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Moroccan court sentences fourteen to jail on terror charges

Friday, January 8, 2010

A court in Salé sentenced fourteen members of Fath Al Andalous (Conquest of Andalusia) to jail yesterday for planning attacks against targets in Morocco. The radical group reportedly associates itself with expulsion of Muslims from the Andalusia region of Spain during the fifteenth century.

According to state agency Maghreb Arab Press (MAP), the court sentenced leader Rachid Zerbani to fifteen years in prison and fined him 500,000 dirhams (€44,175), and the remaining thirteen to four to ten years for "setting up a criminal gang to plot and carry out terror acts aimed at disturbing public order through intimidation and violence, financing terrorism, manufacturing and possessing explosives, undermining the sacred values, and holding unauthorized public meetings."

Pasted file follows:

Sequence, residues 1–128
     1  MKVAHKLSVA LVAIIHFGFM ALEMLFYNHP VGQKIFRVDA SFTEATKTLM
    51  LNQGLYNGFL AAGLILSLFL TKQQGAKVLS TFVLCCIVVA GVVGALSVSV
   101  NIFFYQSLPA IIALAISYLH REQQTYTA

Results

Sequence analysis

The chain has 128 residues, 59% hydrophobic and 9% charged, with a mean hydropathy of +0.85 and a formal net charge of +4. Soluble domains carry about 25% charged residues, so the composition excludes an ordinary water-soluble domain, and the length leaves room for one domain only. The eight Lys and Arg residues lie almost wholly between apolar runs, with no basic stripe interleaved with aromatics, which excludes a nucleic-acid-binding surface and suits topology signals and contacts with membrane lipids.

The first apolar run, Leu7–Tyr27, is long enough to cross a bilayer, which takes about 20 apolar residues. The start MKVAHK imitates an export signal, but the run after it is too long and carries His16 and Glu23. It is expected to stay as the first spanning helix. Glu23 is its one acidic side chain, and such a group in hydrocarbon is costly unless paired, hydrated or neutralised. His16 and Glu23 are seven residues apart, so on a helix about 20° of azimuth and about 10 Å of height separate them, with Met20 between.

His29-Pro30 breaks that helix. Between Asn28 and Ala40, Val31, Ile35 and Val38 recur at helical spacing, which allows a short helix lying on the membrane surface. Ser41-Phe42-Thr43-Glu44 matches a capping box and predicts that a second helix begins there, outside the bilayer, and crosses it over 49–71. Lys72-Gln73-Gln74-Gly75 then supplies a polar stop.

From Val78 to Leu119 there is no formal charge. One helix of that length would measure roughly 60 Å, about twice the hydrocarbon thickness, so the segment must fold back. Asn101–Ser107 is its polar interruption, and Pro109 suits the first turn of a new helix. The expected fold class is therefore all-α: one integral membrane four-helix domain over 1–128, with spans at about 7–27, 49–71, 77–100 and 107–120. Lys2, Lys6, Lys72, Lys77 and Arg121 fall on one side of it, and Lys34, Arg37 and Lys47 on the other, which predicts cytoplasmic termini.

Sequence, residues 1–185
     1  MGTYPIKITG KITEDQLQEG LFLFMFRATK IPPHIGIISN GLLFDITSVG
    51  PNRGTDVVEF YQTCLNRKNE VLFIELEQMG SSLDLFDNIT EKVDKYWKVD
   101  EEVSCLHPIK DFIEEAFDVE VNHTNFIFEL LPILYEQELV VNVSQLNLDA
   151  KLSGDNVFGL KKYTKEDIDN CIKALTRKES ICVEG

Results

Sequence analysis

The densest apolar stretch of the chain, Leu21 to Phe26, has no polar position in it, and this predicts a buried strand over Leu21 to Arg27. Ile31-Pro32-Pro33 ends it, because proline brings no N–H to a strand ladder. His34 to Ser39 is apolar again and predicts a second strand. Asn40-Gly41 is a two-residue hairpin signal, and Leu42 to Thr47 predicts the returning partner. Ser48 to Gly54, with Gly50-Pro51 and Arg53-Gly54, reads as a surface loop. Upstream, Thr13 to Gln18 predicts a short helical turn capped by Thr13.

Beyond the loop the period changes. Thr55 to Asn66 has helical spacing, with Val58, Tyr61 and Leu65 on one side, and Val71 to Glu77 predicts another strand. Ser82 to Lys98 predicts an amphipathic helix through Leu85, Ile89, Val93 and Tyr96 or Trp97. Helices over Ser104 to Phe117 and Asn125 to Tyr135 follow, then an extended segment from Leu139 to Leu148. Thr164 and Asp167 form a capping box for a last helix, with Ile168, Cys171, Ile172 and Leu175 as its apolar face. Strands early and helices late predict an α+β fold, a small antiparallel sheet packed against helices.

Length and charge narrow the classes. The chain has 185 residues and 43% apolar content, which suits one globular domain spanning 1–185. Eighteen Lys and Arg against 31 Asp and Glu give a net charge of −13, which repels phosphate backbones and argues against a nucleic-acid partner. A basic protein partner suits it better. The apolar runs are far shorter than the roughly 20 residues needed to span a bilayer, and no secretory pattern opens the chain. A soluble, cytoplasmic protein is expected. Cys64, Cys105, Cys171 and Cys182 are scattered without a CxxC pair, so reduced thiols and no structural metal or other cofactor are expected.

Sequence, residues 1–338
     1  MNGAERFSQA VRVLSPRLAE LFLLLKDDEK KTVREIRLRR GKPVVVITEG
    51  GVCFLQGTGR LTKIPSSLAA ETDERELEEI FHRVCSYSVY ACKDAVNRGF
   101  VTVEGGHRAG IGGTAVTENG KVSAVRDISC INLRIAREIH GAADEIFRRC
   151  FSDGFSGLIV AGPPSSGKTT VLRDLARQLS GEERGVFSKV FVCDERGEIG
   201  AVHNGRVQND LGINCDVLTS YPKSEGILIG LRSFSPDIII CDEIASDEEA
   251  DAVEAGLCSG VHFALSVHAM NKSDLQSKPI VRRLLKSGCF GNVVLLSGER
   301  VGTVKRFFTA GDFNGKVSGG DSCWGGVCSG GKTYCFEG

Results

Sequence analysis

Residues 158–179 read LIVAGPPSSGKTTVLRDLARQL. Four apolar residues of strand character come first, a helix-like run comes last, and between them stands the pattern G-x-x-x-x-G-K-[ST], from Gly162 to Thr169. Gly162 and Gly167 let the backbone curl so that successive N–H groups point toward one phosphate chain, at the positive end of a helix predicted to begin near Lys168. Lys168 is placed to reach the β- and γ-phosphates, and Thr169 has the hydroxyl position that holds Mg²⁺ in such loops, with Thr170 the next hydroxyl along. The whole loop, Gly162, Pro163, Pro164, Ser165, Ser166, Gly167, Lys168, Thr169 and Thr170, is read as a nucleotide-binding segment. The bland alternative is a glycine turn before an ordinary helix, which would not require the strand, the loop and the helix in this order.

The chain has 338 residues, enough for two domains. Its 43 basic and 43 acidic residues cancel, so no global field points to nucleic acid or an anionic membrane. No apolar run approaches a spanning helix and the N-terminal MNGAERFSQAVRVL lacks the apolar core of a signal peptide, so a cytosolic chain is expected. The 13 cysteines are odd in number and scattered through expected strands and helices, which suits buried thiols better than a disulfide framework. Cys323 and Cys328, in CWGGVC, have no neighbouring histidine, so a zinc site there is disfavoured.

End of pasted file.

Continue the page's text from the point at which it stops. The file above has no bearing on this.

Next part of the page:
The group, which according to MAP had links with similar organisations in Algeria, Mauritania, France, Spain, and countries in the Middle East, had plotted to attack tourist locations in Agadir as well as a military barracks in Laayoune, the principal city in the Western Sahara region. According to the police, the members had obtained electronics and chemicals used in bombs.

Since the 2003 Casablanca bombings, in which 45 people died, the country has broken up over sixty similar groups, with more than 2,000 tried and jailed.


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